From the Americas Society/Council of the Americas. AS/COA Online's news brief examines the major—as well as some of the overlooked—events and stories occurring across the Americas. Check back every Wednesday for the weekly roundup.
Uribe out, Santos in, Chávez Back
Speaking before his country, outgoing-Colombian President Álvaro Uribe bid farewell after eight years in office, apologizing for his administration’s mistakes and urging Colombians to defend their freedoms and support incoming President Juan Manuel Santos. Upon assuming office on August 7, Santos began efforts to restore ties with Venezuela, sent into a tail spin after the Uribe administration accused Caracas of harboring FARC rebel camps within its territory. Meeting with Venezuelan President Hugo Chávez three days into his presidency, Santos and his counterpart agreed to restore bilateral ties, improve military patrols along the border, and initiate a joint security commission to help monitor terrorist groups.
President Bashar al-Assad of Syria begins a tour of several Latin American countries today with the goal of extending its diplomatic reach and attracting investment in Syria. Assad is scheduled to arrive in Caracas, Venezuela, on Friday and will visit then Brazil and Venezuela—countries with significant Syrian expat communities. Syrian media also reports that he will be visiting Cuba. The visit reciprocates previous official visits to Damascus by Fidel Castro in 2001, Luiz Inácio Lula da Silva in 2003 and Hugo Chávez in 2006.
The president’s trip, his first to the region since taking power in 2001, comes as Damascus seeks to continue opening diplomatic channels with the West. This follows their involvement in brokering a deal with Iran to send low-enriched uranium abroad for reactor fuel, in cooperation with Brazil and Turkey. Damascus is also seeking over $40 billion in investments over the next five years, nearly 80 percent of Syria’s annual GDP, to repair and replace Syria’s ageing infrastructure.
The majority of the millions of Syrian-origin émigrés in Brazil, Argentina and Venezuela are businessmen, engineers, doctors, and politicians including former Argentinean president Carlos Menem. President Assad also plans to meet with members of the Arab communities during his visit.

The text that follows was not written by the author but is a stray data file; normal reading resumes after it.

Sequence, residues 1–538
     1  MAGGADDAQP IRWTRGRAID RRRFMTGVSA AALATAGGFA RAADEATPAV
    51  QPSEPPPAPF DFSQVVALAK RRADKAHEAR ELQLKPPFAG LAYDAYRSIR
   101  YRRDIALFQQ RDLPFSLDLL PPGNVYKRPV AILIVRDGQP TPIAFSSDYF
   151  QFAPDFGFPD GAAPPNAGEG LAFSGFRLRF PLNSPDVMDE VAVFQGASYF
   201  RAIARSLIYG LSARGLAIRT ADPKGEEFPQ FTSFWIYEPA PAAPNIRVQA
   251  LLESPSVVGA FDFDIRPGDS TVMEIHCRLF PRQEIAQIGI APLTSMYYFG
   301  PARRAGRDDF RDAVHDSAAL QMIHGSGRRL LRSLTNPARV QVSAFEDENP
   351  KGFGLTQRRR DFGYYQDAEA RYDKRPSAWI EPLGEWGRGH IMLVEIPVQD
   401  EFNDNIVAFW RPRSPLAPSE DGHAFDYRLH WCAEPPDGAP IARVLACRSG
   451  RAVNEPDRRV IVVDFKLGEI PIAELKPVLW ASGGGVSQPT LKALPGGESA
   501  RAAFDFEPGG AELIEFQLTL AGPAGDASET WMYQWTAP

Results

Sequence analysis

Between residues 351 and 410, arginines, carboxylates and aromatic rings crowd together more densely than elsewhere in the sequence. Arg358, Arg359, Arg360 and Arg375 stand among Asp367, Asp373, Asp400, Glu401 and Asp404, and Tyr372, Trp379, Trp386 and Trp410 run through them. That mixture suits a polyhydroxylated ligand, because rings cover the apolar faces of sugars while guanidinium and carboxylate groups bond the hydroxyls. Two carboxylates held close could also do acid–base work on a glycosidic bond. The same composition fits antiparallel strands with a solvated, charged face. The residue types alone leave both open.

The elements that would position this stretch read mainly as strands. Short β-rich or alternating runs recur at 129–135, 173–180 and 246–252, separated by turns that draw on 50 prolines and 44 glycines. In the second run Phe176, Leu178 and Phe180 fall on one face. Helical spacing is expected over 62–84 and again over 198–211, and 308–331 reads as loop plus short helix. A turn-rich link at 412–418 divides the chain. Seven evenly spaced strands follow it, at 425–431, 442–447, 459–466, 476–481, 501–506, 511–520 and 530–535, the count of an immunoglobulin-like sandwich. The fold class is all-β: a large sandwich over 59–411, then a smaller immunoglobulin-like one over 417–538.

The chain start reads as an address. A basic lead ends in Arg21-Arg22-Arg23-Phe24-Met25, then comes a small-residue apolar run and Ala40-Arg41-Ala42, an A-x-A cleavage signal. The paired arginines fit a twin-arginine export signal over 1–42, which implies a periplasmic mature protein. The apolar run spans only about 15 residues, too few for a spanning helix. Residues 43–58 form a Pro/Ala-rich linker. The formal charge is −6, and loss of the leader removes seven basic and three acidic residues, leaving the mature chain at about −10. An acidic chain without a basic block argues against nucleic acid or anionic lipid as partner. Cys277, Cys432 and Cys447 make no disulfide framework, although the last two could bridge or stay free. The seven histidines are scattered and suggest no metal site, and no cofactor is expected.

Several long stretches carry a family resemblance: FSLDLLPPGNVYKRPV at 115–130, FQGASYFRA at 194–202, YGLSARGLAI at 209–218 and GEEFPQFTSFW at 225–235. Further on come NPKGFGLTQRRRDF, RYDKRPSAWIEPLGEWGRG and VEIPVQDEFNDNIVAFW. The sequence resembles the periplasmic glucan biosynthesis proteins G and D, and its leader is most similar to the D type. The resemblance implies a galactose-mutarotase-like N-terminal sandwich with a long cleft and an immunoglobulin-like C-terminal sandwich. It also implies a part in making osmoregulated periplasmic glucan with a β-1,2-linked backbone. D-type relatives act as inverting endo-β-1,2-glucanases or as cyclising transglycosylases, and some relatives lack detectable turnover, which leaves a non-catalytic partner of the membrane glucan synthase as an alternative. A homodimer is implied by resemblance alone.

“Bilateral relations and developments in the Middle East and Latin America” will dominate discussions during the trip, according to the official SANA news agency. Brazil plans to sign trade and technology cooperation protocols with Syria, and Argentina is anticipated to sign nine transportation, tourism and cultural agreements.
Cuba’s Raúl Castro shook up his Cabinet big time this week—the largest change in decades—when he ousted, promoted or shifted around more than 20 officials.
Most prominent—and surprising to many here in the United States—was the dismissal of Foreign Minister Felipe Pérez Roque and Vice President Carlos Lage, known as the brains of recent economic reforms.
The next day, Raúl’s older brother, Fidel, wrote a letter saying he had been consulted about these changes (oh, but of course he was!).
This week, two small steps for U.S. policy on Cuba.
First up: Sen. Richard Lugar’s new report, “Changing Cuba Policy-In the United States National Interest.” In short, it calls the existing policies ineffective, finding major reform in the United States’ best national (and economic) interests.
The recent leadership changes in Washington and Havana have created an opportunity to “reevaluate a complex relationship marked by misunderstanding, suspicion and open hostility,” Sen. Lugar wrote in his letter to fellow senators.